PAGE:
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Dec 22, 2007

Iraq Still There

Kamberchristmas

Sign of the times, here's another shot from Michael Kamber, taken in Ramadi on December 8th.  He writes:

"Found hanging on the wall of the marine base here--an old cold dirty building with no furniture, just bare brick walls."

War Is Over--Say the Pundits (FAIR)
In a Force for Iraqi Calm, Seeds of Conflict (NYT)

(Michael Kamber/NYT.  December 8, 2007.  Iraq.  Used by permission)

Comments

Any chance that this random Red Sock could be a reminder that big part of the Bush Plan for the Glorious Future in Iraq was to:

install capitalism in Iraq
install consumerism in Iraq
install Christianity in Iraq
install Father Christmas in Iraq

It looks like this Bush Plan is now hanging by a thread. And doesn't seem to have a whole lot of supporters

While glancing at 'Iraq Still There'

I started humming 'our flag was still there'
whoops, the stocking has no blue no stars nor stripes.

Okay lets try, Santa brings gifts for the young, and a fleeting moment of childhood for a soldier in his bunker.

it was sad to see soldiers family had to cry for their sons lost because of Bush idiotic plans

This image is haunting....I keep coming back to it without knowing just how to approach any comments. It seems to serve as a metaphor for what we did to Iraq. We destroyed the country and its people and hung a pretty green zone for them to look at. Meanwhile, there is no light because the electrical facilities have been destroyed; no clean potable water; nothing but bleak and barren bricks.

Michael Kamber is one heluva fine photographer. Many of his works are tinged by this eerie moodiness ~ camera effects and perspectives which, in my humble opinion do not command us to extract the real story (about his subjects) that one of his images does illustrate; rather, he invites us to abstract the surreal stories (within ourselves) that his images can illuminate.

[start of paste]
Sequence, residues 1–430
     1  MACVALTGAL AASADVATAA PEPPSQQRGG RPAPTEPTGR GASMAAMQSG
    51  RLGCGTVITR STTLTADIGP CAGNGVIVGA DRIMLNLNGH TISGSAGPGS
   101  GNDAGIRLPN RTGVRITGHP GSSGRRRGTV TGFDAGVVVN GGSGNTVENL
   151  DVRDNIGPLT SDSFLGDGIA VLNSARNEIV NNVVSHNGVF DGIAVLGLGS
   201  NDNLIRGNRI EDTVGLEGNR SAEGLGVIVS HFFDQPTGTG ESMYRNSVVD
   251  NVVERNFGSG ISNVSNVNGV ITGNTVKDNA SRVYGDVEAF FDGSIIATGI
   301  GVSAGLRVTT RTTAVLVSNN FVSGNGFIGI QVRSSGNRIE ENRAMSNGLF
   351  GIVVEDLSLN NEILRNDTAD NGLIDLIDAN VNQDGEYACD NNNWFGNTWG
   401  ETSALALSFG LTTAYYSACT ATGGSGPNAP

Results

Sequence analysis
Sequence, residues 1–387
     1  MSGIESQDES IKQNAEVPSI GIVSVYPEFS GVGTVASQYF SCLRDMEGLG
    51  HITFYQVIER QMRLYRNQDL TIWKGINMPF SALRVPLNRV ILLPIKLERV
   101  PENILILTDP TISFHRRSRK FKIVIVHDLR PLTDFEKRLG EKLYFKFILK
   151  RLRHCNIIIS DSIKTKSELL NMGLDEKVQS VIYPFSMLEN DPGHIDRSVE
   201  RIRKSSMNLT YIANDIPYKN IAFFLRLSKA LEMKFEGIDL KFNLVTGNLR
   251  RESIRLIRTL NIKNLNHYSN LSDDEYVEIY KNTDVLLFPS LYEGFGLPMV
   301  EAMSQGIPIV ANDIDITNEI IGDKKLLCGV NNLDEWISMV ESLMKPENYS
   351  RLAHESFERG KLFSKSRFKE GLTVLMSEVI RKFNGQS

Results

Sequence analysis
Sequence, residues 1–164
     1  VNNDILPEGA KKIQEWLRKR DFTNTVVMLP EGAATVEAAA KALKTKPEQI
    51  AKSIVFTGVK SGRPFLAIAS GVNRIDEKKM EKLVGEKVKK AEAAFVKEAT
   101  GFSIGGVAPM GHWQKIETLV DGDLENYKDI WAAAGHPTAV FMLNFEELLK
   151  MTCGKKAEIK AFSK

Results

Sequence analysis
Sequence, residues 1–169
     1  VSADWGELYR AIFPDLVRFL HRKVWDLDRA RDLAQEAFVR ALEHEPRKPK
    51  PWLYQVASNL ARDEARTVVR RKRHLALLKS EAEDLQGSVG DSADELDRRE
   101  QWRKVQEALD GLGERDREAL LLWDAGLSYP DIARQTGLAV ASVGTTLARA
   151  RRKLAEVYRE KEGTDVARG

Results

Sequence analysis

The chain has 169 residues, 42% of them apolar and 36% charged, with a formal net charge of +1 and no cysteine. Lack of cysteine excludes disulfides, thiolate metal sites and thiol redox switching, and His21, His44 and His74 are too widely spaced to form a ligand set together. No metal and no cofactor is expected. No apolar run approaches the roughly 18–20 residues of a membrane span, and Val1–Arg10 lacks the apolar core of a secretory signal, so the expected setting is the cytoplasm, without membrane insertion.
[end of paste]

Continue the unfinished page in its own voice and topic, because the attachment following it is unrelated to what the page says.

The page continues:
His images, including this one often fail as documents: ie., illustrating some certain someone, some unambiguous what / where / when ~ they do not. Yet he succeeds in illuminating some thing that we feel we know about them, there.


“Where is Santa?” i wonder. “Can he see me in here?” How can he = your love get through these walls, to be with me? “Where is Santa?” i wonder. “Can he see you out there?” How can he = my love get through these walls, to be with you :

parce que il n'y a aucune liberté sans vulnérabilité.


«Notre héritage n'est précédé d'aucun testament», i.e., the will's been stolen

Dear Santa,

I know you won't intentionally forget me, but my stocking was empty.
I hope you and the reindeer are okay.
Sarge say he sent the following info Dec 14, so I understand why you didn't visit because of this big Surge in Iraq.
Air sorties up a couple of thousand to 17,893 from last year, no record keep of the 20mm and 30mm cannon or rockets fired, bombing increased from 229 to 1,119 attacks, so it must have been congested up there.
For us occupiers its empty stockings and fewer caskets and that's got to be good news eh !

http://www.csis.org/media/csis/pubs/071213_oif-oef_airpower.pdf

crossref JC : “ it has become a forgotten War...

For the troops, the tragedy of ‘Occupation’ is that there is "No Old Glory For Young Men" in this Mission : Their 4,000 fallen are all buried in a mass-media blackout ‘Tomb of Unknown Soldiers’. Their 40,000 wounded are not even counted as casualties.

Their Heroism is reduced to invisible survival of inevitable attrition for the duration of seemingly endless, heart-breaking extended rotations of their Service.

Their War doesn't exist in reality because it persists as an issue: still unacceptable to the American psyche as self-destructive wrought; Their real History, unrealized, thus ~ even when the truth is well-written.

imho, ‘IRAQ’ is an old, unkind of war being fought by forgotten Soldiers ~ and forsaken Civilians ~ not a new kind of War, forgotten.


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